Monday, March 06, 2006

Post offices, pavements and FOCUS

The Liberal Democrats have a long tradition of local campaigning on post office closures. The FOCUS leaflet about saving the local post office has become enough of a cliche that I chose "saving post offices" as a metaphor for the things the Liberal Democrats do which have nothing to do with Liberalism when I was writing my speech for the launch of Young, Free and Liberal.

This was a mistake - post offices are important, and well worth saving. What I meant to object to was not saving post offices, but standing outside post offices you have no intention of saving for the sole purpose of taking an action photo. The problem with Liberal Democrat campaigning on post offices is that we had neither the power to save them, nor any ideas as to how to save them if we did.

That changed last Saturday. The post offices motion passed at Conference calls for the Post Office to be separated from Royal Mail and to be given the freedom to build new businesses, including working with other postal providers. By selling off 49% of the shares in Royal Mail, we could raise over £2 billion to plough back into the post office network. The Liberal Democrats who wanted to save post offices, including all three leadership contenders, supported this.

The opponents fell into two groups. There were a few genuine lefties who think that privatisation is evil and bad. The second group of opponents didn't argue on the merits, possibly because they knew they would lose. Instead, they were worried that Labour would tell lies about our policy, and punish us on the doorstep for "wanting to privatise the Post Office". This kind of behaviour gives politicians a bad name, and gives us a particularly bad name becuase we have more of a reputation for campainging than we do for governing anyway.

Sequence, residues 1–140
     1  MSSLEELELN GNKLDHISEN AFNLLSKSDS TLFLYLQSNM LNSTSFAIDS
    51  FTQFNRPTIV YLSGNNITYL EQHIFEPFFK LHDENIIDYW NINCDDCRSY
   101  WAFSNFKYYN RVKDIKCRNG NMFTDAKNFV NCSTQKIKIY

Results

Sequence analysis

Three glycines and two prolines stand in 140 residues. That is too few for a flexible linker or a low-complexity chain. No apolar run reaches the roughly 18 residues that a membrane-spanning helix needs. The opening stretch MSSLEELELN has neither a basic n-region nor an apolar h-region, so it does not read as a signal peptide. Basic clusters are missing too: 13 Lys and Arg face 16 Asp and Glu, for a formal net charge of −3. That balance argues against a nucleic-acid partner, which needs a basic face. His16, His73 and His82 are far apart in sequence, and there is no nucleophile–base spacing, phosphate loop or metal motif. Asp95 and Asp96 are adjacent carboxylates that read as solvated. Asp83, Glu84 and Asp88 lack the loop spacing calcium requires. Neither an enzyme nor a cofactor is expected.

If the purpose of Liberal Democrat policy on post offices is to generate Focus stories about "Local Liberal Democrats in battle to save village post office" then I don't want anything to do with it. Fortunately, Conference voted for a policy about saving post offices.

I have often grumbled on this blog about pavement politics not being liberal. That doesn't mean it isn't important. But it has to be about actually fixing the pavement.

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5 Comments:

  • At 7:03 pm , Blogger Hevva said...

    I agree completely. The new policy gives us an opportunity to actually 'save' the Post Office, which is much more than we can do now. All we need is to be in government...

     
  • At 9:54 pm , Blogger Chris Palmer said...

    Again, it's one of those Lib Dem policies which would only actually happen if the Lib Dems were to form a Government.

     
  • At 11:17 pm , Blogger Valerie said...

    ...As opposed to one of those policies thought up by the Lib Dems and then nicked by the government.

    Excellent post - particularly the last paragraph.

     
  • At 8:40 am , Blogger Richard Gadsden said...

    I do like the "save the post office" aspect, but the real problem is that you're creating a regulated private monopoly on letter delivery. I just don't see the case for a regulated private monopoly being a good thing.

    I've argued on my blog (yes, I have one now) that a third-sector solution, probably a customer co-operative, like the mutual building societies, or the CRS/CWS, would be a much better solution in that there are much lower incentives for taking lots of monopoly rent, and therefore the regulator is less important and the risk of regulatory capture is reduced.

    A private Royal Mail is going to spend all its time conning PostComm into letting it put stamp prices up. It's a much easier way to make a profit than actually running a more efficient business.

    And we can't have real competition without scrapping the universal service obligation - which is a cure worse than the disease.

     
  • At 9:09 am , Blogger Inamicus said...

    Well said libertycat - too much of "Liberal Democracy" is by-the-numbers FOCUS campaigning without enough thought about what we actually stand for and how we would govern. I think this is something Ming Campbell is aware of and something that he will be looking to change.

    Yes, we have to campaign, but we also have to articulate our political beliefs and philosophy, and have credible policies for government. I believe we are eminently capable of this.

     

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